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The Cause of the Formation of Meanders in the Courses of Rivers and of the So-Called Baer’s Law
August 19, 2012 6:21 PM   Subscribe

Einstein described the "Tea Leaf Paradox" (more) to explain Baer's Law of erosion.

It is the cause of leaf and colloidal clustering in stirred fluids.
posted by Algebra (9 comments total) 10 users marked this as a favorite

 
So, which one of those guys is imaginary?
posted by MustardTent at 6:37 PM on August 19, 2012


Not to sound like a snob, but would there happen to be English versions of these videos?
posted by surazal at 6:44 PM on August 19, 2012


Why does physics make so much more sense in Russian and accompanied by Zappa?
posted by cmoj at 7:12 PM on August 19, 2012


would there happen to be English versions of these videos?

There are English subtitles you can turn on.
posted by howfar at 7:52 PM on August 19, 2012


howfer: I now feel somewhat dumb for forgetting that the CC button was there. Thank you. :^)
posted by surazal at 8:14 PM on August 19, 2012


It probably also has something to do with why a wirbelrohr (aka, the Ranque-Hilsch Vortex Tube) works.
posted by Joe in Australia at 9:04 PM on August 19, 2012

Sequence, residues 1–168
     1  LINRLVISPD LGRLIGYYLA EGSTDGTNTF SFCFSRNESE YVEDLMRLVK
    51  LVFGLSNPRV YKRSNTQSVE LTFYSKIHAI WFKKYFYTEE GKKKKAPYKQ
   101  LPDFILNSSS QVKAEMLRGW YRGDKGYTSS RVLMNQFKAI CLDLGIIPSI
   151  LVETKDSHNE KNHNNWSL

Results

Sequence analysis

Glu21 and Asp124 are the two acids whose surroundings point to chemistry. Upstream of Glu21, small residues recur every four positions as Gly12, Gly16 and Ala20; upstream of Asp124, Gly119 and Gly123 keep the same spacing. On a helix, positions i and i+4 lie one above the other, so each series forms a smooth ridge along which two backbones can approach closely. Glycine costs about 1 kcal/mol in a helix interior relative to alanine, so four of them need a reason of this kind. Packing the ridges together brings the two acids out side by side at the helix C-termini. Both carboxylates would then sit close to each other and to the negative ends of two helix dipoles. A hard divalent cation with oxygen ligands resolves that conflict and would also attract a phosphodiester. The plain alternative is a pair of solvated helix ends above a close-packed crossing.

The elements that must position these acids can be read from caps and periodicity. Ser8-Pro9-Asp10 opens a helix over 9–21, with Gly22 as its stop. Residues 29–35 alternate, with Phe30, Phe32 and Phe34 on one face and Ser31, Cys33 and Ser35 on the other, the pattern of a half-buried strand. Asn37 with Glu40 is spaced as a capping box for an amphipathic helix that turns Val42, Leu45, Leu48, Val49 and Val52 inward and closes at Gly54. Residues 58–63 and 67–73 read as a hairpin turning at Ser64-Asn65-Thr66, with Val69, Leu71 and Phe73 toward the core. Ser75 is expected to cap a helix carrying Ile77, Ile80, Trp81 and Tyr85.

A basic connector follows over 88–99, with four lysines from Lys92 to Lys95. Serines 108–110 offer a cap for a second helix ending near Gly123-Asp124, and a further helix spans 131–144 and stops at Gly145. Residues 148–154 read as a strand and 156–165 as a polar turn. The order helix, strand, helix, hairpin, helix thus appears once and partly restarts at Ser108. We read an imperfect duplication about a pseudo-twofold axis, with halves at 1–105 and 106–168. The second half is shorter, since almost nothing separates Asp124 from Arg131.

The Zappa fit quite well, and this was very well explained.

I can't help but think I the only one that was suddenly freaked out when he wiped away only some of the writing on that 10th's story window.
posted by chemoboy at 9:12 PM on August 19, 2012


OK, so:

If you swirl tea in a tea cup, pressure builds up on the outside (obvious, since the waterline rises - the middle sinks to keep the volume the same).

BUT, right next to the cup, "friction" (viscous interaction) means that layer of tea is travelling slower, and therefore has lower pressure.

SO, the high-pressure tea at the top edge pushes downwards to the low-pressure tea at the bottom edge.

BUT, the tea cannot compress (liquids are incompressible), so tea that was at the bottom gets pushed inwards to lower pressure, and finally upwards again once it gets to the middle (where the water is effectively still, so it's all the same pressure).

Tea leaves are heavier than water, so they sink to the bottom, and collect where the water all comes together before rising - at the center.

******

I'm truly, honestly amazed it took Einstein to figure this out. It just doesn't seem like much of a logical puzzle, once laws of fluid dynamics are rudimentally known.
posted by IAmBroom at 9:17 AM on August 20, 2012


I'm truly, honestly amazed it took Einstein to figure this out. It just doesn't seem like much of a logical puzzle, once laws of fluid dynamics are rudimentally known.

Hindsight is 20/20...
posted by Sangermaine at 10:48 AM on August 20, 2012 [2 favorites]


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